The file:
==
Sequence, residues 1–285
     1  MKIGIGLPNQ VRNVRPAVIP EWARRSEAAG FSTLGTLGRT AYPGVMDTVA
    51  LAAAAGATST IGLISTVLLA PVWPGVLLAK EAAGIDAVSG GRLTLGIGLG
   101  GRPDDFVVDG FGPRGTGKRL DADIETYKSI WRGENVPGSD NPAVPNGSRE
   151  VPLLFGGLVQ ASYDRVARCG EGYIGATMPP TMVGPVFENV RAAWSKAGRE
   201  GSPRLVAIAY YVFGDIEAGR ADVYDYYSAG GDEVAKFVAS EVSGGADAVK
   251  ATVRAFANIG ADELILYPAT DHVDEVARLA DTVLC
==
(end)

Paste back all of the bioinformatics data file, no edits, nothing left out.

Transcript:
Sequence, residues 1–285
     1  MKIGIGLPNQ VRNVRPAVIP EWARRSEAAG FSTLGTLGRT AYPGVMDTVA
    51  LAAAAGATST IGLISTVLLA PVWPGVLLAK EAAGIDAVSG GRLTLGIGLG
   101  GRPDDFVVDG FGPRGTGKRL DADIETYKSI WRGENVPGSD NPAVPNGSRE
   151  VPLLFGGLVQ ASYDRVARCG EGYIGATMPP TMVGPVFENV RAAWSKAGRE
   201  GSPRLVAIAY YVFGDIEAGR ADVYDYYSAG GDEVAKFVAS EVSGGADAVK
   251  ATVRAFANIG ADELILYPAT DHVDEVARLA DTVLC